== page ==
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7 February 2012
More misery as big freeze continues – AA advice and breakdown update
Over the last four days, the AA has attended around 63,000 breakdowns – averaging around 75% busier than normal – and, despite the absence of snow, a winter brew of low temperatures, ice and freezing fog is continuing to cause problems for road users, says the AA.
By midday on Tuesday the AA had attended around 7,000 breakdowns nationally – down from more than 9,000 at the same time on Monday. Call-outs peaked this morning at around 1,500 every hour and the AA expects to attend around 16,000 for the day, up from around 9,500 on a normal Tuesday – around 70% busier than normal.
Darron Burness, the AA’s Head of Special Operations, says: “Ice and freezing fog is making for challenging driving conditions over the next few days, especially early in the morning.
Black ice is far more treacherous than snow, as it’s virtually impossible to spot
Darron Burness, AA head of special operations
“Black ice is far more treacherous than snow, as it’s virtually impossible to spot. Take particular care on untreated side roads and, if it’s slippery, do everything slowly because it can go wrong very quickly. Our Land Rover patrols were kept busy yesterday pulling out vehicles that had slid off the road, usually the result of going too fast or paying insufficient attention.”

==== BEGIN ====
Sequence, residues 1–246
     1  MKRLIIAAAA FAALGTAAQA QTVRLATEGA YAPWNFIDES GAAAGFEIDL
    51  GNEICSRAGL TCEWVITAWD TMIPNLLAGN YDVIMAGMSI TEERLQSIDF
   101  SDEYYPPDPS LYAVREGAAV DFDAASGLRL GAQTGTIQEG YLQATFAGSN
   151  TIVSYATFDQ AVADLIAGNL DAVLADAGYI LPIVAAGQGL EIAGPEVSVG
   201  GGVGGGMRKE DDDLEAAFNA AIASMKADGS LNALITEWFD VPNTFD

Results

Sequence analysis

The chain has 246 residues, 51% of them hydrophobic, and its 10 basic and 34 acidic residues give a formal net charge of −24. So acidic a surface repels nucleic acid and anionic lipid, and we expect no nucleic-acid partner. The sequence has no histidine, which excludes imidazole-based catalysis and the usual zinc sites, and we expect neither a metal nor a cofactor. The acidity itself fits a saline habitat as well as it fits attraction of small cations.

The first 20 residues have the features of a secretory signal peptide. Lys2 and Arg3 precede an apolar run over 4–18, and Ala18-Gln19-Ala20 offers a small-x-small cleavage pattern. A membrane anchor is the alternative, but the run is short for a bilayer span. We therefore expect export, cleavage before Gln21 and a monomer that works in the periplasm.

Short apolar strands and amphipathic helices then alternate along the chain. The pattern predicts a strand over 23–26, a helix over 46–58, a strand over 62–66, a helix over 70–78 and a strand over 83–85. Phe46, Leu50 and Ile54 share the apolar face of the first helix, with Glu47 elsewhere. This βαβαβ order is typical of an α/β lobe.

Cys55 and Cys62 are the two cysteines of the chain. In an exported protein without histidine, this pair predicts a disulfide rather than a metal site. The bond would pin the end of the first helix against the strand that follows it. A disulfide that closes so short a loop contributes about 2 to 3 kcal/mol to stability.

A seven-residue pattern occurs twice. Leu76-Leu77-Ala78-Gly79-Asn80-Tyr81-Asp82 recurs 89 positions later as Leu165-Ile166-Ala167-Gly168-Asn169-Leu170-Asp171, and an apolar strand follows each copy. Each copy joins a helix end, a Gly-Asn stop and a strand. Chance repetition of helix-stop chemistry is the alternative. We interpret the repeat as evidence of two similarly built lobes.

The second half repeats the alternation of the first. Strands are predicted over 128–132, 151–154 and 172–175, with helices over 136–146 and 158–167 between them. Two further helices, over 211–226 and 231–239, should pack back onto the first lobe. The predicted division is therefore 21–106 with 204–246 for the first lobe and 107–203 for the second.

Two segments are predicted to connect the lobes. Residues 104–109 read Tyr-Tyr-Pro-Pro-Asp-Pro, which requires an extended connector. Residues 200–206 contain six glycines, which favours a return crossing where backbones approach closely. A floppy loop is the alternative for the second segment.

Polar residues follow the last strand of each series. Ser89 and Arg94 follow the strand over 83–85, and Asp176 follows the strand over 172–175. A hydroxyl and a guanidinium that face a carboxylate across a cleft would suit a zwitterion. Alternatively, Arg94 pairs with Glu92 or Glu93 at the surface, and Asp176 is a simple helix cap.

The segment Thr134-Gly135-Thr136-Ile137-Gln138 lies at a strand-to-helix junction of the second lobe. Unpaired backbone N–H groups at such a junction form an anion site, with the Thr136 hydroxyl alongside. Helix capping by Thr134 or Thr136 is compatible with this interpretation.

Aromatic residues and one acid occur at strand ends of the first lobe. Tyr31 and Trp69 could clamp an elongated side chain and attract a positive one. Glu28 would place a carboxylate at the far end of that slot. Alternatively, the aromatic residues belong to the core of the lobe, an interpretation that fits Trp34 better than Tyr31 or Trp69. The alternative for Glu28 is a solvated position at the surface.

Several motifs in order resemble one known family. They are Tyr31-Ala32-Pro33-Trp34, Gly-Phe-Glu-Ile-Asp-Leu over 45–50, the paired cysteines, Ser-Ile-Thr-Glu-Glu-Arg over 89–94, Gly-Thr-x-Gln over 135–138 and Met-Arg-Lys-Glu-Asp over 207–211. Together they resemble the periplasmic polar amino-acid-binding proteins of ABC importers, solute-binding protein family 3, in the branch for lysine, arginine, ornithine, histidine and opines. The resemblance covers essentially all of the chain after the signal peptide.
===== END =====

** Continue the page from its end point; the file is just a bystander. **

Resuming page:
Edmund King, AA president, says: “Many parts of the country are experiencing freezing fog and patchy fog. It is essential to slow down and be seen in the fog. Check that you know where your fog lights are before you set off, as searching for the switch while driving in fog can lead to a collision.
“Remember it is dangerous to drive with your fog lights on when it is not foggy as it can easily dazzle other drivers or lead them to think you are braking quickly. The police can also fine you for leaving your fog lights on.”
As at 12:00, the AA has attended around 7,000 breakdowns across the UK so far today, currently around 1,200 call-outs every hour but peaking at around 1,500 every hour earlier;
(7 February 2012)